How did Spanish become the second most-common language in the United States after English? The answer will lead us into our country’s past, examine America’s present, and speculate on what the coming years will bring.
It wasn’t the English who established the first permanent colony in what we now call the United States, but the Spanish. In 1513, three Spanish ships led by conquistador Ponce de Leon sailed across the Atlantic and landed in present-day Florida; by 1565, the colony of San Agustin became the hub of an east-coast exploration and conquest that last from 1520 to 1570 and encompassed Florida, Georgia, Virginia, and the Carolinas. The conquistadors then expanded west, to the present-day states of California, Arizona, New Mexico, Nevada, Colorado, and Texas. All of these states now bear Spanish names (e.g. Florida ” flowery” and Colorado “colored” for the reddish silt found in the Colorado river).
In the early 19th century, due in part to the growing population of English settlers and in part to increasing unrest in the Spanish-speaking regions of North America, Spanish began to give way to English. Mexico won its independence from Spain in 1821 and started to offer land to American settlers in Texas. As people streamed into the area, an Anglo-Hispanic identity formed and led to a desire for independence from Mexico, leading to the 1835 Texas Revolution and the subsequent American annexation of huge chunks of land surrounding Texas. By that time, English speakers greatly outnumbered Spanish speakers.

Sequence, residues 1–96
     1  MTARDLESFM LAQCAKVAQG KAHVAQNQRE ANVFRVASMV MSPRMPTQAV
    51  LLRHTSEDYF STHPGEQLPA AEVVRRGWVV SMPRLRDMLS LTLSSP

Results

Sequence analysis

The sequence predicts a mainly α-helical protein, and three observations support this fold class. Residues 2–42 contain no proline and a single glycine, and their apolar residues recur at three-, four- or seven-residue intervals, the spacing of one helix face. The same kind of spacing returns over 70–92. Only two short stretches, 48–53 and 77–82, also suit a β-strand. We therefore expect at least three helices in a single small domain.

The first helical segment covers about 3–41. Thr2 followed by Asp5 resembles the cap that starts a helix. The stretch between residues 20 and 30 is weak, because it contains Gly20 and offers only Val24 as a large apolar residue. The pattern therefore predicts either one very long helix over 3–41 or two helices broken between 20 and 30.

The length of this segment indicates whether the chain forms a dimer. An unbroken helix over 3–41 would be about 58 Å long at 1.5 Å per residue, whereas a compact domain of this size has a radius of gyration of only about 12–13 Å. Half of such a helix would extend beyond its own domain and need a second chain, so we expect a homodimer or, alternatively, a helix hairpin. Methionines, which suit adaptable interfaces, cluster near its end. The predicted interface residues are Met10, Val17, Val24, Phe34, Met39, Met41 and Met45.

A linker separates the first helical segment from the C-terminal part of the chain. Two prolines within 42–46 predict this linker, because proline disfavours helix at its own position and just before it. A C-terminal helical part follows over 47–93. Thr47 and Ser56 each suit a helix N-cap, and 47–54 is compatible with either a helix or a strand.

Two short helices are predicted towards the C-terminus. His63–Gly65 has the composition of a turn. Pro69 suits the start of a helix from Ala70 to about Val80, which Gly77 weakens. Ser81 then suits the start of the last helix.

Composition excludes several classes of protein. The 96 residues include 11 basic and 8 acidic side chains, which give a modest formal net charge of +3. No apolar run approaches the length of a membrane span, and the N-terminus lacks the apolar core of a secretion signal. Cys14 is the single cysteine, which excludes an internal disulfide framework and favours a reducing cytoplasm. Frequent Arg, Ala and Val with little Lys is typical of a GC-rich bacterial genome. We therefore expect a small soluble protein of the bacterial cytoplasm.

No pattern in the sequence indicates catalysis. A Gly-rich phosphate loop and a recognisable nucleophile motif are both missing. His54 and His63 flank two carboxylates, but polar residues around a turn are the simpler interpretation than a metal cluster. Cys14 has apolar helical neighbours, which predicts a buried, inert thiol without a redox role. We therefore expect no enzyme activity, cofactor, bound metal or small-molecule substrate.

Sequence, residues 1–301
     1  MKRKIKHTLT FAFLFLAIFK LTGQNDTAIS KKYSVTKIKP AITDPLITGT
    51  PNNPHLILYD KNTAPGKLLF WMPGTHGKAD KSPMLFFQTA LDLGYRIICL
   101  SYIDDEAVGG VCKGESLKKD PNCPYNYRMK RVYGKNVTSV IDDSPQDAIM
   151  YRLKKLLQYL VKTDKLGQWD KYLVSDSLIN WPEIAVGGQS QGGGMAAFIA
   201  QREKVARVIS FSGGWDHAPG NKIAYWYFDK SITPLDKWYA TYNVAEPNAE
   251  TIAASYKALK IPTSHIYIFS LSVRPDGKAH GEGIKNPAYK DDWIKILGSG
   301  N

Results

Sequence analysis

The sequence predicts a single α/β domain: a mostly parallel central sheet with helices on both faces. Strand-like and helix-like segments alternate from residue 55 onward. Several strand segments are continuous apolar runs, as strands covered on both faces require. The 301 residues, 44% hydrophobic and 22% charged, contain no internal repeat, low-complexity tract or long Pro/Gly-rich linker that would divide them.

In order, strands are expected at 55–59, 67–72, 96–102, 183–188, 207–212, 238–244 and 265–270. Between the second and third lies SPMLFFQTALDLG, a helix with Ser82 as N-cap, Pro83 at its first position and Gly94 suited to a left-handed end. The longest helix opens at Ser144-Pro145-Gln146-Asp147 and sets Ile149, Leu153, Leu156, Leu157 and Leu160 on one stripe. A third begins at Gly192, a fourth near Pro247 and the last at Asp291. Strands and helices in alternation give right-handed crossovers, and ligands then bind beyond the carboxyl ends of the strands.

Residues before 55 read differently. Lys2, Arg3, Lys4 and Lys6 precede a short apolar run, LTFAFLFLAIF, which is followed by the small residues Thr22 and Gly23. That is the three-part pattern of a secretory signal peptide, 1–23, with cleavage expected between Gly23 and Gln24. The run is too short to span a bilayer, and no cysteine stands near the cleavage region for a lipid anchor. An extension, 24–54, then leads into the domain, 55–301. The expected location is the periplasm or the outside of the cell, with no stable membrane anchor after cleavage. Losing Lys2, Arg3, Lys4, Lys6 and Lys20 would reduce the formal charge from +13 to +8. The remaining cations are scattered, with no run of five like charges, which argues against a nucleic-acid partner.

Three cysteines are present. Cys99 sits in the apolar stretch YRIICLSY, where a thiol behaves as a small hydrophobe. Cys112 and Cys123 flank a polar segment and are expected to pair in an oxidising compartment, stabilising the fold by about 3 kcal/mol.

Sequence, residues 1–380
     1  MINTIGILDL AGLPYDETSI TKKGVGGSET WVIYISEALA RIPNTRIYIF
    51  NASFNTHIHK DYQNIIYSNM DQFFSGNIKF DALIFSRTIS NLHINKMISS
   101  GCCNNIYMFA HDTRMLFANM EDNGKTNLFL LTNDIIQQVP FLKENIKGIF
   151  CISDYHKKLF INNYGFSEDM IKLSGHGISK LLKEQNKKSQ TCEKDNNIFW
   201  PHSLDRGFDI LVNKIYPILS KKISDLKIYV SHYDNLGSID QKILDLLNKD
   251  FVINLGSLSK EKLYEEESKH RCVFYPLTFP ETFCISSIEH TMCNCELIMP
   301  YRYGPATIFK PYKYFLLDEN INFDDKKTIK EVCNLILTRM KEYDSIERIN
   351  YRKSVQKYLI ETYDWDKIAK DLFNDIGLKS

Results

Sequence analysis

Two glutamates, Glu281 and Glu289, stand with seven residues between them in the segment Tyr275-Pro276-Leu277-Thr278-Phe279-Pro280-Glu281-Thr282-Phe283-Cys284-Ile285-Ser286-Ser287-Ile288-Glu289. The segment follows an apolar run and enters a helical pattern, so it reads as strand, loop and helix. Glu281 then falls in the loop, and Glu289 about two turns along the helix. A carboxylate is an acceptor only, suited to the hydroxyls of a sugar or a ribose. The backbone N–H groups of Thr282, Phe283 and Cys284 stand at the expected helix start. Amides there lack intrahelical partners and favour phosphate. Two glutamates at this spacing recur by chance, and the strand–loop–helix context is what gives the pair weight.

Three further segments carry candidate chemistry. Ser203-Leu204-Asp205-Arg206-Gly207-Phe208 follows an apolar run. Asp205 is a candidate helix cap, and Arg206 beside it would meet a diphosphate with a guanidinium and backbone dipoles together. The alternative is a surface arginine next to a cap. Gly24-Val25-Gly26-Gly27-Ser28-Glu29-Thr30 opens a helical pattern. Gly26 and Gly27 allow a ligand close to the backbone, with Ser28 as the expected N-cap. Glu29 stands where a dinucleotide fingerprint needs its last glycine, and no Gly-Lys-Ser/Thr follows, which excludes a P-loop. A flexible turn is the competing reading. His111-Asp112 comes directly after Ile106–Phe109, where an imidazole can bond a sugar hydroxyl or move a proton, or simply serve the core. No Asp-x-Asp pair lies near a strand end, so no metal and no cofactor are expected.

Returning to modern America, we can see the effects of such an intertwined Hispanic-American history, paired with an influx of immigration from Latin America. A 2006 census found that 44.3 million people in the U.S. are Hispanic. 34 million of those speak Spanish at home. Spanish is the most commonly and widely taught language in the U.S., which has the world’s fifth-largest Spanish-speaking population.
And what about “Spanglish”? The influence of English on Spanish and Spanish on English has created a blended language that has grown from the realm of Hispanic youth and the Latino subculture to a language spoken by families and used in semi-official documents. The proliferation of Spanglish — used by speakers of both languages — is just one reminder of the intermingling cultures and histories that formed our country and that continue to shape it.